5. Now you need to decide what value to give “maxCostPerHost”.

A Cold Migration has a cost of 1 and a Hot Migration aka VMotion has a cost of 4. I first set mine to 12 as I wanted to see if it would now allow 3 VMotions at once, I now permanently have mine set to 24 which gives me 6 simultaneous VMotions per Host (6×4 = 24).

I am unsure on the maximum value that you can use here, the largest I tested was 24.

6. Save your changes and exit WordPad.
7. Restart “VMware VirtualCenter Server” Service to apply the changes.

Now I know how to change the amount of simultaneous VMotions per Host, I decided to run some tests to see if it actually made any difference to the overall VMotion Performance.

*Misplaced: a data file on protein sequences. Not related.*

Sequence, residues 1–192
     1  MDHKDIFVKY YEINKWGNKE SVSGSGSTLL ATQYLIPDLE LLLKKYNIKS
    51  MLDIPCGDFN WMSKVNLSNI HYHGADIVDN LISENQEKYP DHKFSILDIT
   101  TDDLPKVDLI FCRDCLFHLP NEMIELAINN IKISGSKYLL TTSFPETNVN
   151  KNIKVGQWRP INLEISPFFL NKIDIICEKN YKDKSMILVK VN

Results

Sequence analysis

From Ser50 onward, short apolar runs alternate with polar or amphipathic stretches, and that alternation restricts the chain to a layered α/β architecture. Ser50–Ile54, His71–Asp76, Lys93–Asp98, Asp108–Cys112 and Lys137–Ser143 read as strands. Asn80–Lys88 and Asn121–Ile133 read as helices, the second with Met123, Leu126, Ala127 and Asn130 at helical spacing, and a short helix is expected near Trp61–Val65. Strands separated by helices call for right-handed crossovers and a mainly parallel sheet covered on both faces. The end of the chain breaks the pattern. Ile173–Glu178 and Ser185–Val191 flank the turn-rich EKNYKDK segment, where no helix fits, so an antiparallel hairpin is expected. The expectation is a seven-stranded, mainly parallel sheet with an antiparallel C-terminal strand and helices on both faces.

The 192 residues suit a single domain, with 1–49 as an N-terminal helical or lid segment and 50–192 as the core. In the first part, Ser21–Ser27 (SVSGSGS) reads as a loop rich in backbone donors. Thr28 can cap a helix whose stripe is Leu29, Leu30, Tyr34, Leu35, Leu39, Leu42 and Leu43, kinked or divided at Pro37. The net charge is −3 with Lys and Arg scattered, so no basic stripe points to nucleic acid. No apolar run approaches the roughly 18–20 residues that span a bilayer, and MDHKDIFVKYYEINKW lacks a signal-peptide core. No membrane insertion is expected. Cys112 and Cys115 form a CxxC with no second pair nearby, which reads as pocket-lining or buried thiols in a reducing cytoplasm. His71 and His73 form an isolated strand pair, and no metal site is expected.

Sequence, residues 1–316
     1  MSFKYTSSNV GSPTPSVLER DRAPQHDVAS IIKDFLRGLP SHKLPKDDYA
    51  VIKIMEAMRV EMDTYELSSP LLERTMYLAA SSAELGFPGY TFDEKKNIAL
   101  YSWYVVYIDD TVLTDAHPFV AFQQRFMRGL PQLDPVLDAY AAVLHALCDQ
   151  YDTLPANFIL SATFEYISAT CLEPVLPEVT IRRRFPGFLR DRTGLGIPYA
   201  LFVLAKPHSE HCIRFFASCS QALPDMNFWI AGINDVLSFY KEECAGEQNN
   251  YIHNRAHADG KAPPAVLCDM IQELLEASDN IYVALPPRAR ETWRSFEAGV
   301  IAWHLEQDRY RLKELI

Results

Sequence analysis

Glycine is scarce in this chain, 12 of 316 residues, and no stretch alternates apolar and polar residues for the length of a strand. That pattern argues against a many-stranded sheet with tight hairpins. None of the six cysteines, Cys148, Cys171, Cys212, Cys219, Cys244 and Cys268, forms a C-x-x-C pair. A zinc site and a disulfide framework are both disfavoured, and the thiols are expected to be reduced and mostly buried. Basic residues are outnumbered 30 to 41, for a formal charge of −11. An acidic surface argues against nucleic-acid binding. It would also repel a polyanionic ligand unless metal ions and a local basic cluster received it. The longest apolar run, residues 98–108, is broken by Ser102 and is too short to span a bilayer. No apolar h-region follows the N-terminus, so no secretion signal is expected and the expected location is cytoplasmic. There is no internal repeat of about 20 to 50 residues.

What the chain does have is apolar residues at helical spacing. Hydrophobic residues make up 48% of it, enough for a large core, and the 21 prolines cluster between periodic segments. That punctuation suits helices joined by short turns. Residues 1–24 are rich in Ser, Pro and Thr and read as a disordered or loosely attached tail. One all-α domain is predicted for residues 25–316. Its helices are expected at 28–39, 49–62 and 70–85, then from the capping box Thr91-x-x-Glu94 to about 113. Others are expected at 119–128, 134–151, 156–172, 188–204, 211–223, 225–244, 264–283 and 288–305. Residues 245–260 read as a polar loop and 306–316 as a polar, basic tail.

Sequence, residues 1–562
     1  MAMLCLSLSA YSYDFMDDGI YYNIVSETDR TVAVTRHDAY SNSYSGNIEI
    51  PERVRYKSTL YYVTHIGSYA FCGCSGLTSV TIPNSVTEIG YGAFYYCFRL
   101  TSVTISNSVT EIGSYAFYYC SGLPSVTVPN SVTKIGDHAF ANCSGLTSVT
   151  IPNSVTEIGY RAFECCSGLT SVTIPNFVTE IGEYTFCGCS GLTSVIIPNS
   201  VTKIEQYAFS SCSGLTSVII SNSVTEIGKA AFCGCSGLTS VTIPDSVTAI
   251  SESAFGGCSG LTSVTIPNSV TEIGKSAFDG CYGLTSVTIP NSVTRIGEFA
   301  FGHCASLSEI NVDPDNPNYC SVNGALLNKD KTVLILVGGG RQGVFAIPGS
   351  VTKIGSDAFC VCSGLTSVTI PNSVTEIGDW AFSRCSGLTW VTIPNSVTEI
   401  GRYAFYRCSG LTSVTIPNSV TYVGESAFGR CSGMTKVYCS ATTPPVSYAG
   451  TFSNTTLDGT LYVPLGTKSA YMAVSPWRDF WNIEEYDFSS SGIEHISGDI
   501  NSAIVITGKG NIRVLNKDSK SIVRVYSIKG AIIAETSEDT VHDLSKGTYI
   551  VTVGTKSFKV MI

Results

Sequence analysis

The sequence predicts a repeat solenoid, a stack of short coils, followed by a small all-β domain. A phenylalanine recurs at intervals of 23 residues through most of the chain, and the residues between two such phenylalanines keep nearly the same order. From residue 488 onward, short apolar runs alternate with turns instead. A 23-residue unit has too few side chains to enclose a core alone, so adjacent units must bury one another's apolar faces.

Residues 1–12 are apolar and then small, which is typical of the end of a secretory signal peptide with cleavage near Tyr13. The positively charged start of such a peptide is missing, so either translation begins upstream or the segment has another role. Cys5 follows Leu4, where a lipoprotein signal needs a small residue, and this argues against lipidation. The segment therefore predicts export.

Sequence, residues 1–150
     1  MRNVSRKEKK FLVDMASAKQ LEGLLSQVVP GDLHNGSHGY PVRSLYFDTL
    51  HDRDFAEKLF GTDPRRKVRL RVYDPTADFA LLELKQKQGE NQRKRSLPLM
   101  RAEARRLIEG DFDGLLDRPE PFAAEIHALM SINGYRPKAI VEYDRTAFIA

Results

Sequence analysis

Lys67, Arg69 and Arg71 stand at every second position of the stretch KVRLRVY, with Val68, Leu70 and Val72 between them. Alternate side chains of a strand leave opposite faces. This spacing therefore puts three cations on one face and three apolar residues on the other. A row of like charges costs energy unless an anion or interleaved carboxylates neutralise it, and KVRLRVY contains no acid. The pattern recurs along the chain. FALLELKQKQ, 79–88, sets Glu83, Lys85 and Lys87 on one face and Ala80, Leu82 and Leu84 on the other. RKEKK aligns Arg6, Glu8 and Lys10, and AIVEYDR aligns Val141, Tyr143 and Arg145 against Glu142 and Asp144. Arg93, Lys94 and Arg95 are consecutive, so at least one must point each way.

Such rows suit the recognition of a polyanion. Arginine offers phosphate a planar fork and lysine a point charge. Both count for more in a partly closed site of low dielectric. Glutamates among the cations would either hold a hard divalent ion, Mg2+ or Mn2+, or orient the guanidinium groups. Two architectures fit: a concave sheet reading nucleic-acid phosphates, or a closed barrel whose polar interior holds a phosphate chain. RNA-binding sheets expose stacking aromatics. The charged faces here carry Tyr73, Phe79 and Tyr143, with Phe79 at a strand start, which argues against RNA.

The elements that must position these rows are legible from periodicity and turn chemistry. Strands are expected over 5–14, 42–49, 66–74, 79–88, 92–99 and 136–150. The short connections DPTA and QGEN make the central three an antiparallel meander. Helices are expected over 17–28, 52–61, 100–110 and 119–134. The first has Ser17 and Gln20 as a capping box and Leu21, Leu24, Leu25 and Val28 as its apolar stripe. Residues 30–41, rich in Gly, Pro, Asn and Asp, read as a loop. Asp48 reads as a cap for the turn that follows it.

I had 2 Host’s with 16 almost identical VM’s. I created a job to Migrate my 16 VM’s from Host 1 to Host 2.

Both Hosts VMotion vmnic was a single 1Gbit nic connected to a CISCO Switch which also has other network traffic on it.

The Network Performance graph above was recorded during my testing and is displaying the “Network Data Transmit” measurement on the VMotion vmnic. The 3 sections highlighted represent the following;

Section 1 – 16 VM’s VMotioned from Host 1 to Host 2 using a maximum of 6 simultaneous VMotions.
Time taken = 3.30

Section 2 – This was not a test, I was simply just migrating the VM’s back onto the Host for the 2nd test (Section 3).

Section 3 – 16 VM’s VMotioned from Host 1 to Host 2 using a maximum of 2 simultaneous VMotions.
Time taken = 6.36

Time Different = 3.06
3 Mins!! I wasn’t expecting it to be that much. Imagine if you had a 50 Host cluster…how much time would it save you?
I tried the same test again but only migrating 6 VM’s instead of 16.

Migrating off 6 VM’s with only 2 simultaneous VMotions allowed.
Time taken = 2.24

Migrating off 6 VM’s with 6 simultaneous VMotions allowed.
Time taken = 1.54

Time Different = 30secs

It’s still an improvement all be it not so big.